Thursday, June 23, 2022

Microreview [book]: Ninth House by Leigh Bardugo

In Ninth House, Leigh Bardugo puts her own spin on the dark academia genre in her first adult novel.  

a black snake weaves between the large title font: Ninth House.

Note: While Bardugo is known for her young adult fiction, this novel is definitely adult. Content warnings include: sexual assault, rape, drug use without consent, gore. 

Alex Stern is only at Yale because she has a secret: she can see dead people. People who can actually see ghosts are rare in the magical underworld of New Haven. After a brutal murder that should have been the end of her future, instead, Alex is offered a new opportunity: serve as the Dante of Lethe House, which oversees the other hidden, magical houses that have graduated some of the rich and powerful, their fame and fortune protected by the spells performed by the underclassmen. 

The novel opens with a prognostication, where Alex must serve as Dante, alone, in observing the ghostly underworld while one of the Yale houses, the Bonesmen, produce their magic from a living sacrifice. With a living body splayed open on an operating table, Alex realizes the usually quiet-enough ghosts are not being quiet, but trying to break through her wards. Usually, her Virgil would be here to guide her through this prognostication until she learned all the ins and outs of magic, but her Virgil, Darlington, has gone missing. On top of all that, a young woman that reminds Alex of just where her life was heading shows up murdered on the same night the ghosts misbehaved. The cops, even Detective Abel Turner who is on Lethe's payroll, want to brush it off as just a girl from Town murdered over drugs. Alex suspects something more. 

In learning to navigate this unfamiliar world of both magic and ivy league “protocols,” Alex is shepherded by Darlington, the charming, rich, and smart senior who she will replace. The only problem: Darlington has disappeared, and Alex has to find out why—or she just might not survive finals, let alone killer demons.

A young woman from New Haven murdered on a magical night, her mentor Darlington gone missing, and her grades are slipping--Alex has her work cut out for her, but what makes everything harder is her status as an outsider. She's from California, grew up in poverty, has severe trauma from seeing ghosts but also from how that horrific ability impacted her mentally, leading her to drug usage. Now, she's dropped into not only the magical societies that influence Yale (and most of the rich and famous) but also has adjust to Ivy League classism, which Darlington--the educational superstar--struggles to understand.

Told in alternating chapters from the points-of-view of Alex and Darlington, Bardugo develops not just the world and magic systems, but also what it means to be an outsider in a place like Yale. It's not all magic and ghosts--Alex still has to pass her English class with its ungodly amount of reading. Importantly, the hierarchy inherent in academia is on full display, as different professors and deans play favorites with students, placing them in deadly situations, Alex included. But, those same people in power are unwilling to work to protect the students, even when Alex finds out certain students are using magic to drug others. Through this magical hierarchy, Bardugo is able to explore the toxic power dynamics of higher education, whether it's a hidden society, a frat house, or a sports team.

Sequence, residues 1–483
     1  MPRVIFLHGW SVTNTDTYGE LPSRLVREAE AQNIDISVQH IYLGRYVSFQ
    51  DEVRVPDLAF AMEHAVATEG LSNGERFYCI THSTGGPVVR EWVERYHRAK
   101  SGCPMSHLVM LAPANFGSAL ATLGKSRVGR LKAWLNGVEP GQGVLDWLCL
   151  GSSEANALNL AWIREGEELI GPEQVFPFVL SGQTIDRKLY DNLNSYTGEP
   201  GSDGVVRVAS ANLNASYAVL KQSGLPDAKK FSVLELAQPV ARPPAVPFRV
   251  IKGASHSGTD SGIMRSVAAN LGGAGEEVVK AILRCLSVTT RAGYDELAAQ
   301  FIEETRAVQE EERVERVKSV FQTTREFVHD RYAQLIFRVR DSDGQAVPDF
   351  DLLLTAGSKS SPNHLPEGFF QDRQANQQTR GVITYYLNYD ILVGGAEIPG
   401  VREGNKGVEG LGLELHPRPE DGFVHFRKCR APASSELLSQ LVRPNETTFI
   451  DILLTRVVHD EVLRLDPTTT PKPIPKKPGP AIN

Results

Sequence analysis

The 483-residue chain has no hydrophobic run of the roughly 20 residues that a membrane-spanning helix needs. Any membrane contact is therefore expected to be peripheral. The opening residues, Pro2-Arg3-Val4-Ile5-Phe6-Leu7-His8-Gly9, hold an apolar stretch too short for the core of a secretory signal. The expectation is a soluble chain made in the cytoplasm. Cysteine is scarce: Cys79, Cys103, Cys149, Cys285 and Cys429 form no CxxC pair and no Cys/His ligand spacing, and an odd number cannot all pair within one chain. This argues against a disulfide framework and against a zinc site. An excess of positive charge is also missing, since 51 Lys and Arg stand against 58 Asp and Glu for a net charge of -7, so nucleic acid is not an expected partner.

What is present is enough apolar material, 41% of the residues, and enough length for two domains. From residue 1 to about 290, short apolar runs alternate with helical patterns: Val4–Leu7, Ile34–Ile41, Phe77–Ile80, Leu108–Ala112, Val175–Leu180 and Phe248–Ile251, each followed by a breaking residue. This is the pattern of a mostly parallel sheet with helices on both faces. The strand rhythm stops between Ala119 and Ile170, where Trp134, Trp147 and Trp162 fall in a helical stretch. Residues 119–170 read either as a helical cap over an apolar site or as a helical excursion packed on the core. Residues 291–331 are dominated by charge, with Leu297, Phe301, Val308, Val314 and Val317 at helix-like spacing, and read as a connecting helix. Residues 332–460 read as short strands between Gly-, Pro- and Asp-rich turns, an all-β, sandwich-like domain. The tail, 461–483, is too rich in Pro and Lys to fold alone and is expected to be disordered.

Part of what makes this first novel a great addition to the dark academia subgenre is the focus on Yale lore. The ghosts, murderers, architects, and locations of Yale aren’t just included to spice up the story but actively tell the tale. In addition to critiquing the power Yale holds as an institution, the historical aspects balance out the magic, just as Bardugo confronts both magical obstacles and problems realistic to academia (such as scheduling appointments with your bougie advisor). Thus, the novel's alternating point-of-view, alternating chronology, and balancing of magic and reality come together to serve each other in a larger critique of institutionalized power.

While Leigh Bardugo's popularity comes from her Grishaverse novels (two of which I reviewed here), Ninth House represents a welcome change. Bardugo demonstrates her strength as a writer to capture reality and fantasy her exploration of a magical Yale with the same entertaining style that she brings to her young adult novels.


The Math

Baseline Assessment: 7/10 

Bonuses: +1 for the inclusion of Yale lore as well as ivy-league imposter syndrome

Nerd Coefficient: 8/10: well worth your time and attention

Reference:  Leigh Bardugo, Ninth House [St. Martin's, 2019]

Posted by: Phoebe Wagner (she/her) is an author, editor, and academic writing and living at the intersection of speculative fiction and ecology. She tweets as @pheebs_w.